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Sharing the cost of 9-1-1 services
Blue Oregon
March 31, 2011

By Paul Evans of Monmouth, Oregon.Paul is a former senior policy advisor to Governor Ted Kulongoski for emergency management, military, and veterans' affairs. Paul is the former mayor of Monmouth, Oregon, and an Iraq and Afghanistan veteran.

If I didn't know better I would believe it was a poorly written plot in a straight to DVD movie.

Sadly, it is our reality. House Bill 2075 - a thoughtful, well-crafted bill seeking to remedy a loophole in how we pay for emergency services has been put on ice -potentially permanently - by the powerful telecommunications lobby.

Under ordinary circumstances this would be bad policy; in the wake of the recent earthquakes and tsunamis - it is far worse.

In over twenty-two years of public involvement at the local, state, and regional level, I have rarely seen anything as blatantly self-serving as the drama playing out (or not) in the Oregon Legislature on HB 2075.

Public safety responders, 9-1-1 Emergency Dispatchers, all of us directly paying for 9-1-1 services via mandatory fees on our home and cellular phones believe all people should be treated fairly. Oregonians across the spectrum believe shared services should be paid for by all benefiting from those services.

Evidently, this traditional view of shared responsibility is foundering on the shoals in Salem. Standing against the public good are four of the largest national telecommunications companies, freeloaders, drug-dealers, and people with a need for expendable, hard-to-trace phones. These interests seek to sustain the loophole - and unless we do something soon - they will.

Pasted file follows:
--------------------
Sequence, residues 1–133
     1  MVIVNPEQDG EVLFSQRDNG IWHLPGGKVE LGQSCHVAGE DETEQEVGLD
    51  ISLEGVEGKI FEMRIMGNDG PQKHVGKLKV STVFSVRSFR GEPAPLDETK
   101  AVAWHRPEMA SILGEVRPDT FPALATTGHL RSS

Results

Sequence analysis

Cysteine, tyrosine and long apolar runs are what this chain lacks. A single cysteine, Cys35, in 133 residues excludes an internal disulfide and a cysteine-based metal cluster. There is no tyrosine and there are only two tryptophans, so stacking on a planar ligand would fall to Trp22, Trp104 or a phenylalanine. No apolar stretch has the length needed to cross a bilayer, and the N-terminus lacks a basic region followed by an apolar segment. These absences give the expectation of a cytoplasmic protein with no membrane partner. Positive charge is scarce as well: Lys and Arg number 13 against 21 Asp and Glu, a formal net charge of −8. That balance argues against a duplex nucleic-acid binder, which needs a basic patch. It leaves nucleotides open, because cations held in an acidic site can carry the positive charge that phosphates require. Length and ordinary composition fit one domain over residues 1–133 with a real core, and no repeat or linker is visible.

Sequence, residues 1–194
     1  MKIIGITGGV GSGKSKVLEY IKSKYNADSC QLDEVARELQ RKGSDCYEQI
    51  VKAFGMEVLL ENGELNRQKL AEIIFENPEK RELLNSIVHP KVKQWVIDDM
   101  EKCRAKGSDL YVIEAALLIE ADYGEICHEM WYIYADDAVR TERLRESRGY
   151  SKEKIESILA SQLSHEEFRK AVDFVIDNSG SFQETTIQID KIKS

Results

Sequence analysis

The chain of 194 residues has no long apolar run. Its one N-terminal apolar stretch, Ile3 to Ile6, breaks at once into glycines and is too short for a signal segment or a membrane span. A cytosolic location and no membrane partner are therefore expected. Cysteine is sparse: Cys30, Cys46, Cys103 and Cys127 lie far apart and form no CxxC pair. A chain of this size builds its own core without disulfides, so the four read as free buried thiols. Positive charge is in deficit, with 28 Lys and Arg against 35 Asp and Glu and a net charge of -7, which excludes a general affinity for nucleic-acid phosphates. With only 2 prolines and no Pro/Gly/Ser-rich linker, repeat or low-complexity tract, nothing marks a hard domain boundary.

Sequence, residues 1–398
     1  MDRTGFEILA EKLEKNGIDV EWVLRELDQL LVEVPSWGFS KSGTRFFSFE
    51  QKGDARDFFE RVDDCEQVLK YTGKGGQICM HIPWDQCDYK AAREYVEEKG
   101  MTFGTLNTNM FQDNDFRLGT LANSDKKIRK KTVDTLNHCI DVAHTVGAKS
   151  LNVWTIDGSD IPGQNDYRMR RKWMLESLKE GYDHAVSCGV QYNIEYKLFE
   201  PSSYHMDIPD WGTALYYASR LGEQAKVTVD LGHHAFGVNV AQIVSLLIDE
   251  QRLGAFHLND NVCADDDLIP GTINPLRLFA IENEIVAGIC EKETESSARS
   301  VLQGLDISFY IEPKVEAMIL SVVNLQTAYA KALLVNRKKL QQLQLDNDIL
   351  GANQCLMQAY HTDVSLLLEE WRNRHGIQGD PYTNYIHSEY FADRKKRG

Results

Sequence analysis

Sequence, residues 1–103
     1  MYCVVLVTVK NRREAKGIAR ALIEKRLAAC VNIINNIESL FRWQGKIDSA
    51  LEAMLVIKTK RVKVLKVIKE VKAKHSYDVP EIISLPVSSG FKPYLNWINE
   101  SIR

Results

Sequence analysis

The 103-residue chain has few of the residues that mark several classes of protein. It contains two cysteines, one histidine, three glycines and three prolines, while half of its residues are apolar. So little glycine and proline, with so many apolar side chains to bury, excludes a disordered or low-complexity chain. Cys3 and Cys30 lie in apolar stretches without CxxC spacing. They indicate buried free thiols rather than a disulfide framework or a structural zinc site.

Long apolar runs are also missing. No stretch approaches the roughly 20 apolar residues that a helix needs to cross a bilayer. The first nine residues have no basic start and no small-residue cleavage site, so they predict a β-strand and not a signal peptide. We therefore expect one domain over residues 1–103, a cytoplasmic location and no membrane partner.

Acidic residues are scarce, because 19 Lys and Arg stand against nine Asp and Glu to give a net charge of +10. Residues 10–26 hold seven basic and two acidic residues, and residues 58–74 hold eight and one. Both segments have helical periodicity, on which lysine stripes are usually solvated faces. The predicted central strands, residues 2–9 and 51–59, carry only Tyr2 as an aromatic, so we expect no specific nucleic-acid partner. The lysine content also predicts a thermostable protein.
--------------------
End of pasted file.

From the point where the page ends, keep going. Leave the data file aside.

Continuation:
These interests are content with the status quo: we pay, and they don't - even though they receive our same services. With respect to Orwell, all phones are not equal, at least not yet.

Regardless of the propagandist skullduggery of the telecommunications leviathan this is a simple, straightforward piece of legislation.

Nearly a quarter of all telecommunications devices in use are not taxed the 9-1-1 service fees required of all other home and cellular phones to provide emergency 9-1-1 call service.

HB 2075 will provide a mechanism for all phones (including prepaid/tracphones) to be subject to the same tax for the same reasons. The missing $8 Million - $20 Million (figures vary on the lost revenues) will make the difference between sustaining what we have or reductions in 9-1-1 services that will delay emergency assistance and as a result deny critical care.

While new taxes - revenues taken from something, for something - are rightly scrutinized in this budget climate; HB 2075 is not about imposing a new tax. It closes a loophole that should never have existed.

Technology changed, and it was only the political power of the telecommunications lobby and the relatively "good" economic times that prevented rational, system-wide 9-1-1 fee assessment and implementation policies from being enacted.

Call your Legislators; email your elected leadership. Tell them enough is enough: 9-1-1 is important and deserves to be funded by ALL who benefit from its life-saving services.

Original Article: http://www.blueoregon.com/2011/03/sharing-cost-911-services/


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